Magazine article New Statesman (1996)

Good News Is No News: How Can We Be Optimistic When We Crave the Negative?

Magazine article New Statesman (1996)

Good News Is No News: How Can We Be Optimistic When We Crave the Negative?

Article excerpt

I arrived home from ten days in France this summer. Living enfant sauvage-style at a friend's wilderness farm with shapeless days of tranquillity, I'd found the world a pretty good place to be.

That remained until I switched the radio on and heard of a battle raging between Russia and Georgia. Robert Mugabe saying a defiant "no way" to the idea of power-sharing, meaning five million Zimbabweans will likely starve. A major flue epidemic is probable. On TV, a long-faced Mervyn King declared an unimagined low in the economy's growth next year.

Home sweet home, and it's a relentless diet of gloom-mongering and man's inhumanity to man, because this is what the media believe we crave. Or so the Media Research Centre in the United States concluded, analysing news broadcasts by ABC, NBC and CBS over nine months and finding 61 percent of stories were negative or pessimistic. Just 15 per cent were optimistic.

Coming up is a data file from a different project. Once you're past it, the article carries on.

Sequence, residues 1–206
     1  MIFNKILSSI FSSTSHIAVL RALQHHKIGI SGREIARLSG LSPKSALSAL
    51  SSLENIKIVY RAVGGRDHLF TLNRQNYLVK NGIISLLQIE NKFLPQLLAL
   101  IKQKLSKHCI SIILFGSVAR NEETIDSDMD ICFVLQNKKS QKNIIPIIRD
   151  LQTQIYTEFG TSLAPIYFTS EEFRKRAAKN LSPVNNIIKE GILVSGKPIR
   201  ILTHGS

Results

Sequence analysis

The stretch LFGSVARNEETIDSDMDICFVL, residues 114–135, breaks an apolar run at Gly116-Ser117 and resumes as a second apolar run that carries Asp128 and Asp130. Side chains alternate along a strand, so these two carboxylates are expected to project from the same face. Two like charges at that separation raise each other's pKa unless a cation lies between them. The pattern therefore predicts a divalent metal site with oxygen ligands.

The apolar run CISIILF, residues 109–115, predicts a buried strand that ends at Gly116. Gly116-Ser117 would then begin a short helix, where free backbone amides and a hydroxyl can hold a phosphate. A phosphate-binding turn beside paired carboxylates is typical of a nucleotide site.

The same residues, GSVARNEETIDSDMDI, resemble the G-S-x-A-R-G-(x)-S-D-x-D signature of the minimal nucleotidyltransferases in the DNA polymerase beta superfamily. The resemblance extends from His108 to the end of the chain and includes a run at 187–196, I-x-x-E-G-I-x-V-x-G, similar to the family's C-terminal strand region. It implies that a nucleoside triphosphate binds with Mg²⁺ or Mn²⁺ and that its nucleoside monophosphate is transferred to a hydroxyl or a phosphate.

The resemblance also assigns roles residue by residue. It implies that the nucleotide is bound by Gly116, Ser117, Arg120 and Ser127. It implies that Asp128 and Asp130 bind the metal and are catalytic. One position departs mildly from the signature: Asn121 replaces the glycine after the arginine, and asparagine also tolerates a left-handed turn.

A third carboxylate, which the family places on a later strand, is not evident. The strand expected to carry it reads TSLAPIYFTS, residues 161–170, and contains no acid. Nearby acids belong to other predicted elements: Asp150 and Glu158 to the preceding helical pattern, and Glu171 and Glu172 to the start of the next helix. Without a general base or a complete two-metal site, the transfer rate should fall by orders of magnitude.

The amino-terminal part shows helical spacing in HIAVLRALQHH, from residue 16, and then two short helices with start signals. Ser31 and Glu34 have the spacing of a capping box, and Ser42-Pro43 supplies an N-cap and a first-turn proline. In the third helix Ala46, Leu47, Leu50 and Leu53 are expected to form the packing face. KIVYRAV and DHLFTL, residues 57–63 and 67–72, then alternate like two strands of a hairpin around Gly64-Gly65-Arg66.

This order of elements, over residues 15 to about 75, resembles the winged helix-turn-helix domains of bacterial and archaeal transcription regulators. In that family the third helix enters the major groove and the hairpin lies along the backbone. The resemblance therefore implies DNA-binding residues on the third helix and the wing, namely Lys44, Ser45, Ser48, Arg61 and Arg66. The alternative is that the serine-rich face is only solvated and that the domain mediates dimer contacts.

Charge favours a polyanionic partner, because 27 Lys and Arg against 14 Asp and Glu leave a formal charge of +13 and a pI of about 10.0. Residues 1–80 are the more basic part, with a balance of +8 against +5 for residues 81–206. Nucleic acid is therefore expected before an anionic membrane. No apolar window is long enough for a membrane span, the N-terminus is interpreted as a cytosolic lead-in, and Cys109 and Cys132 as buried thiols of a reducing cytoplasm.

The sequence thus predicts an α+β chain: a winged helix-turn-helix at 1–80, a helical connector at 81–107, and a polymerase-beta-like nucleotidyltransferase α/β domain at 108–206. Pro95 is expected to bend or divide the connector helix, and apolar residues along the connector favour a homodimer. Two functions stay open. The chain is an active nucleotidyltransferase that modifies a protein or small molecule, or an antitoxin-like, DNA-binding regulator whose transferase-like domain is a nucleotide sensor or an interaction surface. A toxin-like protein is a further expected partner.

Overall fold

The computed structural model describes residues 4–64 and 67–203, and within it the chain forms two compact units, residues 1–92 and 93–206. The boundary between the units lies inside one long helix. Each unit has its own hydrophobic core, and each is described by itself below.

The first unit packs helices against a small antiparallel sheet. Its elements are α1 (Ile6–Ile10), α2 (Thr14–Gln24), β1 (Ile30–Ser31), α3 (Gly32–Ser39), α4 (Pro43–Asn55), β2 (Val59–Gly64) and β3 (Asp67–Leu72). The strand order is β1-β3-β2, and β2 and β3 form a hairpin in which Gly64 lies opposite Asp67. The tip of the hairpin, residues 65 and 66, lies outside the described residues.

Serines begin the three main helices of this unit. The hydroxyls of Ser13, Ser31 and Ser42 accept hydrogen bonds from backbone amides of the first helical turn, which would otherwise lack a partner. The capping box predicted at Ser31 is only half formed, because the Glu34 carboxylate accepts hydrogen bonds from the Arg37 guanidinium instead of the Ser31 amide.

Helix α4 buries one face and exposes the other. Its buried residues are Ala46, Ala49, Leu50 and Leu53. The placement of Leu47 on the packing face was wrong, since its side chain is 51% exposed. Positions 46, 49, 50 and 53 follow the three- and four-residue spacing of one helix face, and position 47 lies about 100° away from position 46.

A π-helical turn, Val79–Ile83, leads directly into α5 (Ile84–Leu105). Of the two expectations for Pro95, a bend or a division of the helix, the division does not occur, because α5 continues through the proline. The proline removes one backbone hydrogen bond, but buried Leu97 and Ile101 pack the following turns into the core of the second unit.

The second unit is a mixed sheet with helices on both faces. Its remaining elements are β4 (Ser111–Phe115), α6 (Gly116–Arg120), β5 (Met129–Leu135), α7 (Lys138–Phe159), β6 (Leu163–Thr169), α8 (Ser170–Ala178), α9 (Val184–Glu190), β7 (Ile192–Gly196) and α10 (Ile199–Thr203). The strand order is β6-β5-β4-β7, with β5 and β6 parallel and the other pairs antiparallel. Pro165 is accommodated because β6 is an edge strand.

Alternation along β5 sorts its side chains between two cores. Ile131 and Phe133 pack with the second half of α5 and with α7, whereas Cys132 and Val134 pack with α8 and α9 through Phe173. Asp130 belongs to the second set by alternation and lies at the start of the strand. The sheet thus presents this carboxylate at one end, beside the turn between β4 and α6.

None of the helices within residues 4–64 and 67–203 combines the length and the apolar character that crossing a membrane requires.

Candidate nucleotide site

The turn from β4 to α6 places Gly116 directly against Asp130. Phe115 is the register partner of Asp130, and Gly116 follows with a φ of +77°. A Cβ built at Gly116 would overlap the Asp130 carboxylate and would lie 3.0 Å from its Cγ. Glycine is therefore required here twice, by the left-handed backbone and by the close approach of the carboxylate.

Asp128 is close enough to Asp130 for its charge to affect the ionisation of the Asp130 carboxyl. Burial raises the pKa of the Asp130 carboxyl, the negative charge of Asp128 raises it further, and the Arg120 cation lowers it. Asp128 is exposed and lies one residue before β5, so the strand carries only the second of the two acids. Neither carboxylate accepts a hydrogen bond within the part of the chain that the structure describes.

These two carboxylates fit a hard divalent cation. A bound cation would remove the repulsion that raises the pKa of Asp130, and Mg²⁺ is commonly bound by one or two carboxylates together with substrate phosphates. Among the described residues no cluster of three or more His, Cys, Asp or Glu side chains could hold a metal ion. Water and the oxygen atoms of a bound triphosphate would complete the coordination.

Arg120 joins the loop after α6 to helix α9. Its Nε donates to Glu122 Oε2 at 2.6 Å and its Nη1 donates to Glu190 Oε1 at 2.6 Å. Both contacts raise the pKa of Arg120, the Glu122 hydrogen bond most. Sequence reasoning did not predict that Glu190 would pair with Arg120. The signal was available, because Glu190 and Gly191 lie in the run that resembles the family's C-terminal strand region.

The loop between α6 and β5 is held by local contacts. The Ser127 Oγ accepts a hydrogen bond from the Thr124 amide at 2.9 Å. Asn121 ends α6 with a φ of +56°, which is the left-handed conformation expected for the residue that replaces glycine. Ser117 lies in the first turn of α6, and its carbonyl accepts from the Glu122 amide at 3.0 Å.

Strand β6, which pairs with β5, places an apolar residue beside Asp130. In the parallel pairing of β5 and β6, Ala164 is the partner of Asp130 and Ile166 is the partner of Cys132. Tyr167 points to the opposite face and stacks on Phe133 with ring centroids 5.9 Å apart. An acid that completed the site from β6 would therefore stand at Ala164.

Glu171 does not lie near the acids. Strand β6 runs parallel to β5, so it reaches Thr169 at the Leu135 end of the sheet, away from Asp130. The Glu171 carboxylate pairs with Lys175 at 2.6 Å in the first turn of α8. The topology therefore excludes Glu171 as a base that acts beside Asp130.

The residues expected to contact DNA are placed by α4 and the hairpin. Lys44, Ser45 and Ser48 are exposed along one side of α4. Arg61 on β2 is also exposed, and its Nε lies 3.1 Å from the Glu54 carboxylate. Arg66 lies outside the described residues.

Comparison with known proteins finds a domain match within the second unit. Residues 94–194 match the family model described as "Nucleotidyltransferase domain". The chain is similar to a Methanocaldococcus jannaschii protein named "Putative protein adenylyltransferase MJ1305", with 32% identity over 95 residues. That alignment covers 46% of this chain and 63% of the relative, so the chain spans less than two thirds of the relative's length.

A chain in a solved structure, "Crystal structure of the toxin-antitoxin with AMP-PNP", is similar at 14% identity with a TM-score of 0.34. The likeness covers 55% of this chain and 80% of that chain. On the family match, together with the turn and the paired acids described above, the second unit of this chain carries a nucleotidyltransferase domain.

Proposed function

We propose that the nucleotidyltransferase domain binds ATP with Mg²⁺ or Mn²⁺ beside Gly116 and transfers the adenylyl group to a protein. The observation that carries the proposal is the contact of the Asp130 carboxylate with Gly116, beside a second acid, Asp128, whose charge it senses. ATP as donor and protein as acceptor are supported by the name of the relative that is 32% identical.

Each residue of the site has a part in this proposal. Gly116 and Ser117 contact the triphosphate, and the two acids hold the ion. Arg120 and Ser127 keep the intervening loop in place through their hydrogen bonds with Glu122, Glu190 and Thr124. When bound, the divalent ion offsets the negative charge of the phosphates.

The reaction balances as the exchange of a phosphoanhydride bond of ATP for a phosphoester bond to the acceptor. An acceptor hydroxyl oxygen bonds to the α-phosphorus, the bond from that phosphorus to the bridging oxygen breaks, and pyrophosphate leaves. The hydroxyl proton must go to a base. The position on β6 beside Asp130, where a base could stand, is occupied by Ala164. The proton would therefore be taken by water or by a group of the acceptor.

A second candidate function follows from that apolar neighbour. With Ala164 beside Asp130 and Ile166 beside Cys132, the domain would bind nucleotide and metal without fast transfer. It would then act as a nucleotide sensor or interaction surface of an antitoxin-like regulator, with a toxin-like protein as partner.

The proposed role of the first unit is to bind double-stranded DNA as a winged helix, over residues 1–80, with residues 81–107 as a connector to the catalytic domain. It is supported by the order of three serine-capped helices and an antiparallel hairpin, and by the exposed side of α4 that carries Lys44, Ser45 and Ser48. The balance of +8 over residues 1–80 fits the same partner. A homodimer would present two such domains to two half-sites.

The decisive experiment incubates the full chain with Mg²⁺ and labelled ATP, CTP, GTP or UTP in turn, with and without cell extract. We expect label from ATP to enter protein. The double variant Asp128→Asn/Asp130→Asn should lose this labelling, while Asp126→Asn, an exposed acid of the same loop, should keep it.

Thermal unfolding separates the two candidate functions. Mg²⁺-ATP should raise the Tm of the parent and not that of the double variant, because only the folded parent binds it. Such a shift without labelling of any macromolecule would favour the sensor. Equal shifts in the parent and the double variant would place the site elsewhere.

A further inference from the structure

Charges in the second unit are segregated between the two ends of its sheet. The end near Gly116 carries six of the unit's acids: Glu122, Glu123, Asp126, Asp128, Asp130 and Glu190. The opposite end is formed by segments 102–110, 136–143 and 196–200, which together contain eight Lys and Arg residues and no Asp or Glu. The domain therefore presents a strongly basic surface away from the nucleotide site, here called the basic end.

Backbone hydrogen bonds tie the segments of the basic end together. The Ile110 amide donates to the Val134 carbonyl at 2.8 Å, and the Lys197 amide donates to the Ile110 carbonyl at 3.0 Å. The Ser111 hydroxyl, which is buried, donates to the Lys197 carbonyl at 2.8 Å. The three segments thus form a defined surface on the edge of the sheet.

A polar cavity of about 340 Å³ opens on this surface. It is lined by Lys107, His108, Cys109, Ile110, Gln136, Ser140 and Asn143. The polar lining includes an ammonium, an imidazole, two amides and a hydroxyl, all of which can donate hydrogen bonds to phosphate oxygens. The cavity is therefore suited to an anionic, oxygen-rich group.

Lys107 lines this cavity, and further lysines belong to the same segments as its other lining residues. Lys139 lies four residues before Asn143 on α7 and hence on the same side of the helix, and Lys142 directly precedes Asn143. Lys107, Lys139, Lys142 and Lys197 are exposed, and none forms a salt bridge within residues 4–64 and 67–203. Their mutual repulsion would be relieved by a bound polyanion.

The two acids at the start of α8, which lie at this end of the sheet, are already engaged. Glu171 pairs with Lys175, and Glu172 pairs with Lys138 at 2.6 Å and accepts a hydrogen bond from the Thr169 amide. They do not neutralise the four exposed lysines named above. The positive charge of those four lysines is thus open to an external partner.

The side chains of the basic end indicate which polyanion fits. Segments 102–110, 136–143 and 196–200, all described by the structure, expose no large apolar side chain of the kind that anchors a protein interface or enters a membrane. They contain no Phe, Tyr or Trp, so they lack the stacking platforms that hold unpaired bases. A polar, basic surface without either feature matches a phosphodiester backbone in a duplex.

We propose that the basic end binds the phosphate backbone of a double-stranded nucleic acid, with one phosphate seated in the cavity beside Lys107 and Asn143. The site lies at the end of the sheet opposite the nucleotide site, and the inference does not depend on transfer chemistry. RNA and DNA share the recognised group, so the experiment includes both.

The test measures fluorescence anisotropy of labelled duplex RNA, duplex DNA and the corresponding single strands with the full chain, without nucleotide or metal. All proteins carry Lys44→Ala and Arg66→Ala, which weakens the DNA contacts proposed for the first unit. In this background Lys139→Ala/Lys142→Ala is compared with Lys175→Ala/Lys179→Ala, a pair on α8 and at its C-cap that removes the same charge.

[ILLUSTRATION OMITTED]

Blame it on biological determinism, say the neuroscientists. John T Cacioppo of the University of Chicago explains that very early the brain exhibits a "negativity bias", meaning it reacts with far more electrical activity to the stimuli of bad news than to good, and that this is seen at the earliest stages of information processing. Thus our attitudes are more heavily influenced by downbeat than good news.

So, with science putting weight behind the prevailing belief that "good news is no news", what was Achim Kram, himself a media man, doing launching OptimistWorld. …

Search by... Author
Show... All Results Primary Sources Peer-reviewed

Oops!

An unknown error has occurred. Please click the button below to reload the page. If the problem persists, please try again in a little while.